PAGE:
The biggest economic reports released last week were housing related. Low mortgage rates (thanks, Brexit), falling supply and increased homebuyer traffic continue to drive housing demand but seemingly only in the existing home market.
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According to the National Association of Home Builders Housing Market Index, growth in the new home market is firm. While the sales index for July stood at 63, the report indicated decreasing optimism for future sales, which took a three-point dip from June. According to Bloomberg, weakness is attributed to traffic, especially amongst first-time homebuyers.
Existing home sales, on the other hand, are continuing to show traction. June’s 5.570 million annualized sales rate for June is the best of the recession. The median sales price last month increased by 3.7 percent to $247,700, with a year-over-year rate of plus 4.7 percent. Limited inventory, which fell 0.9 percent to a 4.6-month supply, is continuing to drive sales prices higher.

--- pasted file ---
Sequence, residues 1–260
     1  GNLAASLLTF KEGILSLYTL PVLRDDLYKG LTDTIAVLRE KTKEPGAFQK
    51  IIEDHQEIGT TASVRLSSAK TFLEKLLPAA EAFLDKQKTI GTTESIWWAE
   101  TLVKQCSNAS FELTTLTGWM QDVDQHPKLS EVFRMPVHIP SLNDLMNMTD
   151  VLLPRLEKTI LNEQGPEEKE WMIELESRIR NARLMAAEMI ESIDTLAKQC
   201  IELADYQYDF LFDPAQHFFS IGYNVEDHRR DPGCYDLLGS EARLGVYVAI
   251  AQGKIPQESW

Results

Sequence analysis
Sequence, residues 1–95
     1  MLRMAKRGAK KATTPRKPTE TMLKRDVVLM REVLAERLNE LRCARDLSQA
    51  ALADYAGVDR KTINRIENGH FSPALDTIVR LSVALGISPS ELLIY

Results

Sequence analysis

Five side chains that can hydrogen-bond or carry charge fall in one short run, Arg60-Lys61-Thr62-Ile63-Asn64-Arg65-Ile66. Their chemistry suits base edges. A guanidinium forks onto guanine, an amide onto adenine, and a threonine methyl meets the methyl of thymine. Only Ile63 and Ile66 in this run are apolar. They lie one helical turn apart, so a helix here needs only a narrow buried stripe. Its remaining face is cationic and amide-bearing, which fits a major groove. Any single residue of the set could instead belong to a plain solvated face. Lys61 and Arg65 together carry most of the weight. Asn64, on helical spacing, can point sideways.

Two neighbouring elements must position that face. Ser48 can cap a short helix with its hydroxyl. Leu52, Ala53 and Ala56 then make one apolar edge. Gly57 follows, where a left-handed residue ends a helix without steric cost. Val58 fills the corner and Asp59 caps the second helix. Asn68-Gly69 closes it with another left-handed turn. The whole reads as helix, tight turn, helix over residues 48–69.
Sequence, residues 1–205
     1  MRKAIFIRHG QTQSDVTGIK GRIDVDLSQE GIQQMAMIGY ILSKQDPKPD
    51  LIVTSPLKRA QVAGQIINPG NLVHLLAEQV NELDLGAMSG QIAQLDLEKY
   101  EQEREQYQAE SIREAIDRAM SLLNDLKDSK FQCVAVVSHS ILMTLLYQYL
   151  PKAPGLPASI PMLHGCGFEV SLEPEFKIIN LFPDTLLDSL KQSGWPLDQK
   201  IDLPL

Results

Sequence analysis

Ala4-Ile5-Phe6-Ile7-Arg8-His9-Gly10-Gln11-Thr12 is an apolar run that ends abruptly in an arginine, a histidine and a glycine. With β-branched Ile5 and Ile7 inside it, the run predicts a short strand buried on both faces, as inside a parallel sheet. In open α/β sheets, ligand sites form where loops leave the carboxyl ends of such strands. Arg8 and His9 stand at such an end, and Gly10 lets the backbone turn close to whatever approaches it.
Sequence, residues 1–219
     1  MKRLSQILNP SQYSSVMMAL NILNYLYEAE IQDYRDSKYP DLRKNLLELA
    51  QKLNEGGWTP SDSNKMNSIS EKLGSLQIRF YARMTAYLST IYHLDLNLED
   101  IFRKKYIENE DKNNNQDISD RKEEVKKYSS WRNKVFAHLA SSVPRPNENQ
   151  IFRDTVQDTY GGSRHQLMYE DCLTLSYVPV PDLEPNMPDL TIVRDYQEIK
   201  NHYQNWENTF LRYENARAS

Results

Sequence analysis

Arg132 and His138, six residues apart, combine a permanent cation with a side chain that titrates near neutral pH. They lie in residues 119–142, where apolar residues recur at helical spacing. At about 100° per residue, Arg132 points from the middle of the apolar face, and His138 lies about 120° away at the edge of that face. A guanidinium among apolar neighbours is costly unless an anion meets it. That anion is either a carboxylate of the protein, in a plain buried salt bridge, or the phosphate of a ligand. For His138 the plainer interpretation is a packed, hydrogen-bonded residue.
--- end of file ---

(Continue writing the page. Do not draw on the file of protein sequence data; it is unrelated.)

Last week in the economy:
- Mortgage rates ended with an increase last week, which slowed purchase applications by 2 percent. Refinancing activity also dropped by 1 percent, but year-over-year the purchase sector of MBA Mortgage Applications is up 16 percent.
- Initial Jobless Claims fell by 1,000 in the July 16 week to a 253,000 level, amongst the lowest of the recovery.
- Consumer Comfort took a hit in the July 17 week with a 2-point drop to a level of 42.9.
- Housing starts for June rose 4.8 percent to a 1.189 million annualized rate. Permits were also up by 1.5 percent.
- The FHFA House Price Index was up only 0.2 percent in May, which is the weakest increase since August 2015.
What’s on economic calendar for the week of July 25, 2016:
- Tuesday – New Home Sales
- Wednesday – MBA Mortgage Applications, Pending Home Sales & FOMC Meeting Announcement
- Thursday – Jobless Claims, Bloomberg Consumer Comfort Index
- Friday – Consumer Sentiment, GDP
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